Enhancing Hydraulic Part Sourcing for OEMs
By Del Williams
For Original Equipment Manufacturers (OEM)’s of agriculture, construction, mining, oil & gas, off-road, forestry, and heavy-duty trucking equipment, there can be thousands of parts to integrate into a single vehicle. These parts include the hydraulic components that provide the force or power for lifting, pushing, digging, dumping, and braking.
Because of their complex machining needs, OEMs rely on preferred suppliers of hydraulic parts and assemblies to design and manufacture these critical components, which must be high quality, cost-effective, and delivered on time to remain competitive.
The existing process typically requires working with multiple vendors based on their specialization and the value-added services they provide from coatings to assemblies. Establishing these trusted relationships and orchestrating parts needs across multiple vendors takes time, consuming considerable organization resources and adding costs to OEM production.
Quality, Value-Added Offerings
The OEM’s expanding demand for supplier support has resulted in manufacturers positioning themselves to be one-stop parts shops, offering a menu of complementary parts spanning different materials such as metal and plastic. A consolidated offering can help streamline parts sourcing for OEMs and provide better support to them as their product needs evolve.
Premier Hydraulics is one such vendor. The company, a Tier 1 preferred supplier of hydraulic components and assemblies to OEMs, produces standard hydraulic fittings, valves, manifolds, hose connectors, and flanges in large quantities. In addition, the company specializes in custom-engineered products, meaning it can create assemblies or sub-assemblies with combined components.
“OEMs today want quality parts at a competitive price that are delivered on time. Beyond that, many also want value-added services like expert engineering, design support, and the ability to provide custom parts such as manifolds, flanges, valves, and fittings in various materials,” says Dinitrise Hicks, a Premier Hydraulics Sales Manager in Farrell, Pa.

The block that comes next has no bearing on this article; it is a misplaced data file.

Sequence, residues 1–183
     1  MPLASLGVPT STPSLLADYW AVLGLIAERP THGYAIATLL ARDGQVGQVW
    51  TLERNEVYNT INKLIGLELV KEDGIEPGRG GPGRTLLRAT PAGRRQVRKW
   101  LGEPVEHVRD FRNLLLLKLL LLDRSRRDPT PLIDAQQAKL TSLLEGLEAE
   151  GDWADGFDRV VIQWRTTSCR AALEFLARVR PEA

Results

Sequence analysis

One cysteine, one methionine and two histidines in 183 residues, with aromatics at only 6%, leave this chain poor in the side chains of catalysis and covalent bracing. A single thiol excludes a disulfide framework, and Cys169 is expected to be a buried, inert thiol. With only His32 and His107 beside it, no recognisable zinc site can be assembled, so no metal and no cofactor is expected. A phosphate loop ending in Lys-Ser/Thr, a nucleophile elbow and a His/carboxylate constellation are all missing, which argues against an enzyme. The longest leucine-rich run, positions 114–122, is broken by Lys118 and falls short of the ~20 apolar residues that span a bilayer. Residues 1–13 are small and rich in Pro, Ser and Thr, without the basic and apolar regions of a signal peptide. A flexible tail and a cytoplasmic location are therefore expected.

Depending on how it is designed, the custom component can become a part of a kit, sub-assembly, or assembly of complete product.
According to Hicks, OEMs often request custom parts, such as hydraulic fittings, that vary from SAE standards in size, thread size, pitch, or materials. Custom parts may also be necessary if OEMs require a unique part function or part combination.
She notes that Premier Hydraulics manufactures custom components in low to high volumes domestically. The rigorous process involves verifying OEM requirements, providing design and engineering support, prototyping, and conducting thorough quality and production checks.
Manufacturing Value-Added Parts
According to Hicks, a common question asked by OEMs of their parts manufacturers is, “Can you make this part?” Often behind this question is an OEM’s perception that the parts vendor can only work with one material or provide limited or no value-added services. Now, rather than losing a bid and causing the OEM to have to find yet another parts vendor, Premier Hydraulics is in a position to fulfill the order need regardless of the parts material or specialized handling needs.